In a nutshell, nature gives preference to lifeforms that are better fit to survive in their environments. Those that can withstand challenges posed by the environment (weather, scarcity of food, etc.) and other lifeforms (predators, viruses, etc.) will survive, reproduce, and pass on their genes to the next generation. Those that don’t get eliminated.

According to Dawkins, “In nature, the usual selecting agent is direct, stark and simple. It is the grim reaper. Of course, the reasons for survival are anything but simple — that is why natural selection can build up animals and plants of such formidable complexity. But there is something very crude and simple about death itself. And nonrandom death is all it takes to select phenotypes, and hence the genes that they contain, in nature.”

But how do different lifeforms emerge? Every newly born organism inherits the genes of its parent(s). But unlike the digital world, copying in organic life is not an exact thing. Therefore, offspring often undergo mutations, small changes to their genes that can have a huge impact across generations. These mutations can have a simple effect, such as a small change in muscle texture or skin color. But they can also become the core for developing new organs (e.g., lungs, kidneys, eyes), or shedding old ones (e.g., tail, gills).

If these mutations help improve the chances of the organism’s survival (e.g., better camouflage or faster speed), they will be preserved and passed on to future generations, where further mutations might reinforce them. For example, the first organism that developed the ability to parse light information had an enormous advantage over all the others that didn’t, even though its ability to see was not comparable to that of animals and humans today. This advantage enabled it to better survive and reproduce. As its descendants reproduced, those whose mutations improved their sight outmatched and outlived their peers. Through thousands (or millions) of generations, these changes resulted in a complex organ such as the eye.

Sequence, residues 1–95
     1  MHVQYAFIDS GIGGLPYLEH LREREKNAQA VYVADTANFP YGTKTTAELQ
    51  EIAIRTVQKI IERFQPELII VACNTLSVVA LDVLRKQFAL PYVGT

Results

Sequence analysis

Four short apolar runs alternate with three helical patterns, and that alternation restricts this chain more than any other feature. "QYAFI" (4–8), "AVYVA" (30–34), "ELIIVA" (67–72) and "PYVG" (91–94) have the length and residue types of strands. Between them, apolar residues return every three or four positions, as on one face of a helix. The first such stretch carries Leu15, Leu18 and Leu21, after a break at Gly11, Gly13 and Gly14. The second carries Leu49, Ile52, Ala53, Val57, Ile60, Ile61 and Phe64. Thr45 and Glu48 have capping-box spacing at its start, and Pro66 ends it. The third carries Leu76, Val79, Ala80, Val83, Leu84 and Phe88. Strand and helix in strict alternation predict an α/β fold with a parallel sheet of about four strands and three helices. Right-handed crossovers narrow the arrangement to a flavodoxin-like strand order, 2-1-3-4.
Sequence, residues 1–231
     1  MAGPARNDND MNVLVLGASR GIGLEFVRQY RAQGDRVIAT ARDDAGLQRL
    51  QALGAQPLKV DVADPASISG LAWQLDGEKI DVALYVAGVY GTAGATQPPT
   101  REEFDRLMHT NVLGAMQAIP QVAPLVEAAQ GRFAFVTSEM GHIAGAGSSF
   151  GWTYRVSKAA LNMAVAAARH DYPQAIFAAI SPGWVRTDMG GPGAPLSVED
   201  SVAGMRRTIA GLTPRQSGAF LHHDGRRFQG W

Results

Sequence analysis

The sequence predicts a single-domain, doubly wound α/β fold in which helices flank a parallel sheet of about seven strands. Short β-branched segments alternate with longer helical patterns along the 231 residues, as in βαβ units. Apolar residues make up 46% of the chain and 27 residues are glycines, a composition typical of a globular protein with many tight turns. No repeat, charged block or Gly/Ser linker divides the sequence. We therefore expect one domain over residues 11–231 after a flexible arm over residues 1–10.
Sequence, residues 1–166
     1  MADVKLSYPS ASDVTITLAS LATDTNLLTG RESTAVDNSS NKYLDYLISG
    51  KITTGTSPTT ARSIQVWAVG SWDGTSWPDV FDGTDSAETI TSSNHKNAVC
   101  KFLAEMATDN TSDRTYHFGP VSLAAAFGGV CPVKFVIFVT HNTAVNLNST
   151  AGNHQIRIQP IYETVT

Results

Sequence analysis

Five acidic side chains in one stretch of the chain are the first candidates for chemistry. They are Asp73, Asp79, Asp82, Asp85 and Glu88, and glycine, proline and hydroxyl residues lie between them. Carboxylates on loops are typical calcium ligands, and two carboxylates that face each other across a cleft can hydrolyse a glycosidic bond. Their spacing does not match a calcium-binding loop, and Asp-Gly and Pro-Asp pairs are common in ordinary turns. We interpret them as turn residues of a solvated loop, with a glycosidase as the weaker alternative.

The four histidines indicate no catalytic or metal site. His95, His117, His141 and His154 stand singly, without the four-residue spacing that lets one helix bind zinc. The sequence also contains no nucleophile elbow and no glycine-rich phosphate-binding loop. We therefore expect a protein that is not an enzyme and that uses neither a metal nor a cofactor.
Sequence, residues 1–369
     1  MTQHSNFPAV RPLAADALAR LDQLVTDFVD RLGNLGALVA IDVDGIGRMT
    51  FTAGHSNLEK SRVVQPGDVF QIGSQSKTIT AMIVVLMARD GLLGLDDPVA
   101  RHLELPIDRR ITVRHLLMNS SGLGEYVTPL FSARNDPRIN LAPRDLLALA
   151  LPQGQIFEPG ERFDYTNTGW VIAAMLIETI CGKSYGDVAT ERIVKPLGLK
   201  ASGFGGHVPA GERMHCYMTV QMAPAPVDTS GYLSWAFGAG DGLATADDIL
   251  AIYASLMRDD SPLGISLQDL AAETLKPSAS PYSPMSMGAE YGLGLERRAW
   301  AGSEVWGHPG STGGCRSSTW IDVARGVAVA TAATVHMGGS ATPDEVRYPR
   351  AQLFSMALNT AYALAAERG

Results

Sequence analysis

The simple mechanisms of mutation and natural selection has been enough to give rise to all the different lifeforms that we see on Earth, from bacteria to plants, fish, birds, amphibians, and mammals.

The same self-reinforcing mechanism has also created the brain and its associated wonders. In her book Conscience: The Origin of Moral Intuition, scientist Patricia Churchland explores how natural selection led to the development of the cortex, the main part of the brain that gives mammals the ability to learn from their environment. The evolution of the cortex has enabled mammals to develop social behavior and learn to live in herds, prides, troops, and tribes. In humans, the evolution of the cortex has given rise to complex cognitive faculties, the capacity to develop rich languages, and the ability to establish social norms.

Therefore, if you consider survival as the ultimate reward, the main hypothesis that DeepMind’s scientists make is scientifically sound. However, when it comes to implementing this rule, things get very complicated.

Reinforcement learning and artificial general intelligence

Reinforcement learning artificial intelligence

In their paper, DeepMind’s scientists make the claim that the reward hypothesis can be implemented with reinforcement learning algorithms, a branch of AI in which an agent gradually develops its behavior by interacting with its environment. A reinforcement learning agent starts by making random actions. Based on how those actions align with the goals it is trying to achieve, the agent receives rewards. Across many episodes, the agent learns to develop sequences of actions that maximize its reward in its environment.

According to the DeepMind scientists, “A sufficiently powerful and general reinforcement learning agent may ultimately give rise to intelligence and its associated abilities. In other words, if an agent can continually adjust its behaviour so as to improve its cumulative reward, then any abilities that are repeatedly demanded by its environment must ultimately be produced in the agent’s behaviour.”

In an online debate in December, computer scientist Richard Sutton, one of the paper’s co-authors, said, “Reinforcement learning is the first computational theory of intelligence… In reinforcement learning, the goal is to maximize an arbitrary reward signal.”

DeepMind has a lot of experience to prove this claim. They have already developed reinforcement learning agents that can outmatch humans in Go, chess, Atari, StarCraft, and other games. They have also developed reinforcement learning models to make progress in some of the most complex problems of science.

The scientists further wrote in their paper, “According to our hypothesis, general intelligence can instead be understood as, and implemented by, maximising a singular reward in a single, complex environment [emphasis mine].”